Quality control: It is wise to be aware of any risk no matter how small or remote. One such with tempered glass is that of the initial glass quality and the risk of contaminants, which when combined with the tempering process can cause the glass to fail. These contaminants, in the form of particles of nickel sulphide, are a by-product of nickel particles combining with sulphur during the glass manufacturing process. The structure of these tiny particles changes during the tempering process due to heat and they are unable to revert back when the glass is cooled quickly. However, they will change back over time, increasing in size and setting up stresses within the glass. This can cause the glass to shatter for no apparent reason hence the term spontaneous breakage with a typical butterfly pattern at the location of the break. Breakage and damage to glass caused by handling and vandalism are far more common than spontaneous breakage and there are sensible ways to manage the risk of glass breakage or damage.
Minimise the risk: Heat soaking, protective architectural trim, and laminated glass are several methods of limiting the risk of damage and breakage. As the imperfections are too small to see, heat soaking is a QC method used after the tempering process that will cause glass that may have quality problems to fail. Protecting the glass on the edges, particularly the upper edge is highly recommended as tempered glass panels, due to the stresses within them, are susceptible to damage on the edges. Laminated glass is another highly recommended option as the glass panels are bonded to an interlayer, which if a failure occurs will prevent the glass falling to areas below and creating a potential hazard for building occupants.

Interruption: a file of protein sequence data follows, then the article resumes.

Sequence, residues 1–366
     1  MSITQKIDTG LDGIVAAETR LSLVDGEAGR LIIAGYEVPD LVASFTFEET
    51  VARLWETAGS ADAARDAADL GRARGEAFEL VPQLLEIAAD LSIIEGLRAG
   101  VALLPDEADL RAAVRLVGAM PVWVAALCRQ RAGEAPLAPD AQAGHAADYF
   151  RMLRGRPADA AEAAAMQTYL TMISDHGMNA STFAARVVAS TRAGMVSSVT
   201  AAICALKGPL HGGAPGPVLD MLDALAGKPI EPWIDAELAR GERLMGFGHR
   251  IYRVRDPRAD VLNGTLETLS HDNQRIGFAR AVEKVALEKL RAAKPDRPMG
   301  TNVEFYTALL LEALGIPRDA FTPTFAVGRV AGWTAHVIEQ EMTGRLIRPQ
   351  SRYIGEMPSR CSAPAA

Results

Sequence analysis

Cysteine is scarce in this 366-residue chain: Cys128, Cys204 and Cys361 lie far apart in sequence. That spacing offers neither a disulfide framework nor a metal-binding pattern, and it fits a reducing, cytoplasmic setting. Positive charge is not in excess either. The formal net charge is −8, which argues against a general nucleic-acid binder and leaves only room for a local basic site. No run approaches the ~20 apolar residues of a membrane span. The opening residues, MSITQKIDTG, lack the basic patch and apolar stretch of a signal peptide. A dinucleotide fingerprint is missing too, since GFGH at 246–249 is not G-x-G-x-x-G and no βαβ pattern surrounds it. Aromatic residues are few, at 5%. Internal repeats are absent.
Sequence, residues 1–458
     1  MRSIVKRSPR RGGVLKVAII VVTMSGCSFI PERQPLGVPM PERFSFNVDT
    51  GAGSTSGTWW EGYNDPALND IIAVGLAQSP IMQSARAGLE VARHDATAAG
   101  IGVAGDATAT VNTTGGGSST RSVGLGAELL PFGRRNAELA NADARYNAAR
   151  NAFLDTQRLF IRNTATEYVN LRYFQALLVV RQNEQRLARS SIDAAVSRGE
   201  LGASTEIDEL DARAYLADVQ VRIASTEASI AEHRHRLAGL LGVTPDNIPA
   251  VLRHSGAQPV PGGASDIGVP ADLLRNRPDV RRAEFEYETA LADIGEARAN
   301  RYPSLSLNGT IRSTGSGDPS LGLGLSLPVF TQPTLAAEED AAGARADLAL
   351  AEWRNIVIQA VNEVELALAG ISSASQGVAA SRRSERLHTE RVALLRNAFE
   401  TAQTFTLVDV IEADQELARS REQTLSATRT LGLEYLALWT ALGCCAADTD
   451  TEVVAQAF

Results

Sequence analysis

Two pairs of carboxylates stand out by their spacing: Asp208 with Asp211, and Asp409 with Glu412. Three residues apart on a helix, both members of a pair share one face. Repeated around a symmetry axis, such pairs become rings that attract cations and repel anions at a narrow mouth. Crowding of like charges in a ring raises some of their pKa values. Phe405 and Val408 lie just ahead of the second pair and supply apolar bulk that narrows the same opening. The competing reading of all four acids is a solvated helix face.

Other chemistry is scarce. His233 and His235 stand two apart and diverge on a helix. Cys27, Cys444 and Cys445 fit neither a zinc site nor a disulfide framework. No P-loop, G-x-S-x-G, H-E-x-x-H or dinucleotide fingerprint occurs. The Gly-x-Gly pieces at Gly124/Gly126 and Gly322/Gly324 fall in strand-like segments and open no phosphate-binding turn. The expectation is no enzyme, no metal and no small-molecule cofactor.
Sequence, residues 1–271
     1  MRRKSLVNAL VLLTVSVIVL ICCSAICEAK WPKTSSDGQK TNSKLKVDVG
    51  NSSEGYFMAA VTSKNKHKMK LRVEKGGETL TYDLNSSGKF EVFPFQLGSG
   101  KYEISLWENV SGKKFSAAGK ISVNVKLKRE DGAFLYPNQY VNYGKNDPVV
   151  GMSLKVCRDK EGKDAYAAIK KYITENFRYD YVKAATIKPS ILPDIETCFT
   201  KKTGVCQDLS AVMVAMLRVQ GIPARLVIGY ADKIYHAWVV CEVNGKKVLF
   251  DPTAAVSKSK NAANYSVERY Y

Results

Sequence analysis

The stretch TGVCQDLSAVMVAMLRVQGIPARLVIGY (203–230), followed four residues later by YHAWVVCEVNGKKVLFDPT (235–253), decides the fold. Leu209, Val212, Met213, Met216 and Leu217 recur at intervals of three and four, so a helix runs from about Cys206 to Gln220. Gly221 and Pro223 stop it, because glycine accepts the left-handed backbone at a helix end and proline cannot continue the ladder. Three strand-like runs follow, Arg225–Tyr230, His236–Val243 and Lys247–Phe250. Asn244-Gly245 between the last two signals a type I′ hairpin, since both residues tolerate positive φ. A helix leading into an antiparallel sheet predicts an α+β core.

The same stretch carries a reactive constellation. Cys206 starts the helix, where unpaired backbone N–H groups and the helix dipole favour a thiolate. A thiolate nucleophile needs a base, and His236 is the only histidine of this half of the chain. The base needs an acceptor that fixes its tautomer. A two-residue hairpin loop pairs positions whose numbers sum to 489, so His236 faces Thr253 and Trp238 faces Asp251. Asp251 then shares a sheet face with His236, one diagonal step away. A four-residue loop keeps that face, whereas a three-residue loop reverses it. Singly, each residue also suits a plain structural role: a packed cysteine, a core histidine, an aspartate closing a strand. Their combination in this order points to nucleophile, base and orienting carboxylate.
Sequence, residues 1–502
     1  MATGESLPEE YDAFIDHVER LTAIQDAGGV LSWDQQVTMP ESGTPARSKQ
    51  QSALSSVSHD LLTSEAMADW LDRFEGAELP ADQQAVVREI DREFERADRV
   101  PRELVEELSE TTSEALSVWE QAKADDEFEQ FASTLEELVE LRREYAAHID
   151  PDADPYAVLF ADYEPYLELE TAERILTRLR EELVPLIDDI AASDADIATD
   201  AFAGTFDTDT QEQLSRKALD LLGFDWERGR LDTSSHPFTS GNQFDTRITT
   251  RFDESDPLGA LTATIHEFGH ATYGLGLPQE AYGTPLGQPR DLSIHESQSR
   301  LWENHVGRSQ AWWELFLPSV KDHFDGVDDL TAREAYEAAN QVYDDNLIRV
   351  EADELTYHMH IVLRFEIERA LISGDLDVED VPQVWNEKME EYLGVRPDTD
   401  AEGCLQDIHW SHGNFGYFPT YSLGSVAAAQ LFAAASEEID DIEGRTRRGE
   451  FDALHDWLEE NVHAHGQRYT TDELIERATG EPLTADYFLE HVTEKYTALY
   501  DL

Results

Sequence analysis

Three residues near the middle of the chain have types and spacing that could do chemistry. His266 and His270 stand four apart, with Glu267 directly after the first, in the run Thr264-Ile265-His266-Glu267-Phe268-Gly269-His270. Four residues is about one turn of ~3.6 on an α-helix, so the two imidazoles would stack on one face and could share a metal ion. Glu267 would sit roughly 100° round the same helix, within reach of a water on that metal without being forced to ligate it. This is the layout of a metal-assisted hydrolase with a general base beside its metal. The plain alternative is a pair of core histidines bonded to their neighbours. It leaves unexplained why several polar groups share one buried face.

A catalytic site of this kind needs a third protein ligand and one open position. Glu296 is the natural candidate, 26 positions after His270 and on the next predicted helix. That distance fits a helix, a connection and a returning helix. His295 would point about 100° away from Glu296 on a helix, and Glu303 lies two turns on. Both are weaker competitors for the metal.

Laminated glass: There are two major considerations when using laminated glass – the thickness of the panel and the type of interlayer to be used. The glass thickness depends on the load being applied (factoring any wind loads), the size of the glass panel and the attachment method. HDI’s engineers have standard recommendations based on standard loading conditions but as every project has its own set of unique parameters it is important that every project has been examined by a qualified professional engineer. The interlayer choices are PVB, which has been in use for many years, and a more recent interlayer SGP. PVB is less expensive but more flexible, SGP is much more rigid and will remain upright and in place if the glass was to break. Due to this difference, laminated glass panels with a PVB interlayer must be thicker than those with an SGP interlayer. Two 6mm pieces of glass with PVB, after running equivalence calculations, have the same rigidity as a single monolithic glass lite of 9.5mm. If in the same scenario an SGP interlayer is used the two 6mm pieces are equivalent to a 12mm monolithic glass lite.
The video below clearly shows the differences between monolithic and laminated with PVB and SGP interlayers.
Recent fire code changes – laminated glass and fire performance: Following the recent disaster at Grenfell Towers the Ministry of Housing, communities & local government have reviewed building codes and standards with particular focus on fire spread and flame propagation. Consequently, there are updates to the building regulations Approved Document B including amendment up to and including April 2019 that prohibit the use of laminated glass due to the flammable properties of the interlayer. The interlayers PVB and SGP have a flame spread index of 60 and 30 respectively. This new ruling applies to external walls and balconies in the following building types – buildings over 18m in height, flats and apartment buildings, care homes, schools & institutions.